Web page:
This section is from the "Henley's Twentieth Century Formulas Recipes Processes" encyclopedia, by Norman W. Henley and others.
In the silvering of mirrors by the Petit-jean method, which has almost universally replaced tinning, the property of silver in readily amalgamating is taken advantage of, by substituting the glass after silvering to the action of a dilute solution of double cyanide of mercury and potassium in such a manner as to form an amalgam of white and brilliant silver adhering strongly to the glass. To facilitate the operation and utilize all the silver, while economizing the double cyanide, M. Lenoir has recommended the following: Sprinkle the glass at the time when it is covered with the mercurial solution with very fine zinc powder, which precipitates the quicksilver and regulates the amalgamation.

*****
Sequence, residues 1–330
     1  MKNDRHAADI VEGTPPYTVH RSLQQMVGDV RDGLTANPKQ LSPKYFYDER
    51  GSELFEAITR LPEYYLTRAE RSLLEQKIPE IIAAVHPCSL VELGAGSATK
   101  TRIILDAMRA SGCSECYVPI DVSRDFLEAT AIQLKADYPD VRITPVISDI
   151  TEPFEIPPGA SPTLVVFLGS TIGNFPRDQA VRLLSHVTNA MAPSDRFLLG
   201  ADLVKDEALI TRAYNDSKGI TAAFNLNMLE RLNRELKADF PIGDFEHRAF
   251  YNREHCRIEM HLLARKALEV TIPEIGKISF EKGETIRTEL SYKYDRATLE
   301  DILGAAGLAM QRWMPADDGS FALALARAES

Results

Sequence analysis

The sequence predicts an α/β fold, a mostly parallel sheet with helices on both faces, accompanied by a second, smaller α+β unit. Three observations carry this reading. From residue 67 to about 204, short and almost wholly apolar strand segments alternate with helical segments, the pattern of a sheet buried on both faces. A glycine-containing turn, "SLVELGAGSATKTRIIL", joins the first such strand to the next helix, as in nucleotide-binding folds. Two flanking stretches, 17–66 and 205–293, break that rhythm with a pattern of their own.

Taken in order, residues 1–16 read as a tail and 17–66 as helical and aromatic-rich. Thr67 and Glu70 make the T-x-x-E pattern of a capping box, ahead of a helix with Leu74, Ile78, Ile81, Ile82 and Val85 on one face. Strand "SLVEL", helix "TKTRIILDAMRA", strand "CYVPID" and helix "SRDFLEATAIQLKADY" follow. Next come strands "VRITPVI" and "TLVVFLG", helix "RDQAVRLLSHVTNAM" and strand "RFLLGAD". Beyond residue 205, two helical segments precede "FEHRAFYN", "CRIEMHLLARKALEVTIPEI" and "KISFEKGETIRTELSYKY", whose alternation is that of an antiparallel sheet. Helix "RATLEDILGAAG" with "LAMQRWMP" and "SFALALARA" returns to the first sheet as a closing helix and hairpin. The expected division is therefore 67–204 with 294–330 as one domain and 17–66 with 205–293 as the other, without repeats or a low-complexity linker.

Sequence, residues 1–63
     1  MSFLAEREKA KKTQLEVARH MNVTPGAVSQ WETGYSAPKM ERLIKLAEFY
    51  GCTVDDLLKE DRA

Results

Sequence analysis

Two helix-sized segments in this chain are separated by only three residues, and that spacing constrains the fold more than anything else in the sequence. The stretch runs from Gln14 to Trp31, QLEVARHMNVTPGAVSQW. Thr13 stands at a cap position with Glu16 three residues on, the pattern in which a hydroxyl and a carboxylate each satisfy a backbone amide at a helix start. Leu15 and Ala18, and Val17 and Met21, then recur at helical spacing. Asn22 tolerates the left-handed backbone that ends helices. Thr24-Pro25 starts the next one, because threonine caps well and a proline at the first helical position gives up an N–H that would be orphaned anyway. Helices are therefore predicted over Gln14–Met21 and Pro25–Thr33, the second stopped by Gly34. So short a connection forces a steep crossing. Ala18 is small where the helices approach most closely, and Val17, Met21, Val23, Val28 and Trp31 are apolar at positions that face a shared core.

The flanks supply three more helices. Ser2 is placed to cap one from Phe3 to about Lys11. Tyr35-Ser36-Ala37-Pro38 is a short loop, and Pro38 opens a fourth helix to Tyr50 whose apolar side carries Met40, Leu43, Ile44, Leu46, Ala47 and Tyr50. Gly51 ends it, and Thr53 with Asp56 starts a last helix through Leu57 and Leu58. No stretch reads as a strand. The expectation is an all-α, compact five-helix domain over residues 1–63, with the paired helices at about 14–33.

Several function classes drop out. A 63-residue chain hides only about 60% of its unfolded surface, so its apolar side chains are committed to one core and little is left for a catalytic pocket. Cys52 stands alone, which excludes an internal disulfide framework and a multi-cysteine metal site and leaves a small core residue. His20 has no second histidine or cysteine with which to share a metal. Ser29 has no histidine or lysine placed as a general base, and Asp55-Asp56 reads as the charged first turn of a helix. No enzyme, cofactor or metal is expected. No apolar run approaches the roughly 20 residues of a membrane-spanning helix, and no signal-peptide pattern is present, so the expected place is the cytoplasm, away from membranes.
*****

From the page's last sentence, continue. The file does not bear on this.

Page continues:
The metallurgy of silver also takes advantage of the property of this
metal in combining cold with quicksilver; this for the treatment of poor silver ores.
In the Saxon or Freiburg process for treating silver ores, recourse is had to quicksilver in the case of amalgam in amalgamating casks, in which the ore, after grinding, is shaken with disks of iron, and with mercury and water. The amalgam, collected and filtered under strong pressure, contains from 30 to 33 per cent of silver. It is distilled either in cylindrical retorts of cast iron, furnished with an exit tube immersed in the water for condensing the mercurial vapors, or on plates of iron, arranged over each other along a vertical iron stem, supported by a tripod at the bottom of a tank filled with water, and covered with an iron receiver, which is itself surrounded with ignited charcoal. It should be remarked that the last portions of quicksilver in a silver amalgam submitted to distillation are voiatilized only under the action of a high and prolonged temperature.